I’m not a phone expert, and wondered to myself what I would have to do to get service on the phone. Then it dawned on me that perhaps I could just move the SIM card from my iPhone over to the Windows Phone. Would that work? I decided to find out.

An hour later, I still hadn’t gotten the SIM card out of my iPhone. That’s because it sits behind a door that isn’t easy to open unless you have a special tool or a paper clip. While this sounds simple, good luck doing it if you don’t have a paper clip handy: I tried a ballpoint pen, a plastic toothpick, a twist tie I scraped the insulation off of, and anything else I could find in my hotel room. After many tries but no success, I did what I should have done originally and went down to the hotel front desk and asked for a paper clip. 5 minutes later I had my SIM card out. It wasn’t obvious to me which way this oriented in the LG phone but I eventually figured it out through trial and error. A phone call and a text to my wife confirmed my phone service was working.

As I started to play with the phone I realized that my voice and text service was functional but not my data service. I could not browse the web or get email working. Fortunately I stumbled on this post which explains the set up steps to get your data working if you move from an iPhone to an LG E900 Windows Phone. After I’d followed these instructions to define an “APN”, data worked like a charm.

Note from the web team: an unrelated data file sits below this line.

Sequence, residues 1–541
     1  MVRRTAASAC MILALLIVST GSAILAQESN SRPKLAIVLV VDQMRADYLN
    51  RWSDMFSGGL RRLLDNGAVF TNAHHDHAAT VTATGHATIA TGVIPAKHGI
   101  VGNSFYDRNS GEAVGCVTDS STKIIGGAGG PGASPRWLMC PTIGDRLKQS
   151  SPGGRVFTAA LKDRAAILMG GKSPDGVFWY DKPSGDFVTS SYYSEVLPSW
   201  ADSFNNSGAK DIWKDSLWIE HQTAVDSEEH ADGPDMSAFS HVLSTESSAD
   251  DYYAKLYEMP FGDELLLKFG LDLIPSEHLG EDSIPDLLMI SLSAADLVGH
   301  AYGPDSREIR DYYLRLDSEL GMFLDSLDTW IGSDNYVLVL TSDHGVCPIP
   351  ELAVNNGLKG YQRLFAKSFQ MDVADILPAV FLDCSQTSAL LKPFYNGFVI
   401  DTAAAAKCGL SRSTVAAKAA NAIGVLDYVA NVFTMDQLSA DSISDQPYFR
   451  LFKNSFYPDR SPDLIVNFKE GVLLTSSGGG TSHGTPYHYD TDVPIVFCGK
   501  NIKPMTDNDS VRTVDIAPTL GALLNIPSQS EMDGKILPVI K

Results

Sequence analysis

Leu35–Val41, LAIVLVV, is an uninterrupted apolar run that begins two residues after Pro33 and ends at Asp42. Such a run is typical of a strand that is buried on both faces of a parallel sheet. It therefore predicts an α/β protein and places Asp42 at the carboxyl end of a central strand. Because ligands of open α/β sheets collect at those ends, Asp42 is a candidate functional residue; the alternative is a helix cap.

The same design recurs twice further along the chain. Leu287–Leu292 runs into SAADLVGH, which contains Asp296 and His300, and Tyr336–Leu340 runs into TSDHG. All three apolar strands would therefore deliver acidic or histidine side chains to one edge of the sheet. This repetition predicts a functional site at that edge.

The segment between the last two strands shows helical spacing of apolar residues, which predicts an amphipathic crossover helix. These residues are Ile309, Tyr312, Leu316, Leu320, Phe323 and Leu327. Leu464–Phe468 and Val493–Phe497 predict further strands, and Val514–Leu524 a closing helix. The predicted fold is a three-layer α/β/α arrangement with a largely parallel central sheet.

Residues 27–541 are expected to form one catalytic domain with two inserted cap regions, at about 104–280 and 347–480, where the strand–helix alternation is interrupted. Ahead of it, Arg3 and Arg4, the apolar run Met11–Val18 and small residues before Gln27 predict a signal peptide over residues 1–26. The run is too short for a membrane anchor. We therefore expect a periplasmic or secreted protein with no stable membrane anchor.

The User Interface

I hadn’t expected to like the UI of the Windows Phone all that much, for several reasons. First, it’s hard not to admire the iPhone’s user interface—the layout, size, and appearance of application icons as well as the design of many of the screens just feels right. Secondly, I’d seen the Windows Phone UI in conferences, online videos and television ads. I knew Microsoft had to strike out in a unique direction but it didn’t look all that appealing to me.

However, actually using one is a different story. The interface really works well. Three buttons on the bottom of the phone left you navigate back, go to the Start page, or search contextually within whatever app you’re in. There’s a cool feeling you get sliding and flipping around that you can’t appreciate when watching someone else do it. Those television ads that say we need “a phone to save us from our phones” are right on the money: you can get in and do your work really quickly on a Windows Phone. I like it.

I will say I wasn’t thrilled with the default red theme on my Start screen which I promptly changed to an appealing blue. Also, whatever theme color you do choose (there are ten to choose from, shown below), that color does dominate the user interface. Most of your Start screen tiles will be that color. The UI could benefit from a 2-color theme over a single color theme in my opinion. Speaking of the Start screen, those tiles are “live tiles” that contain data and some of them animate. This allows you at a glance to know if you have voice mail, text message, email, new apps in the marketplace, and so on.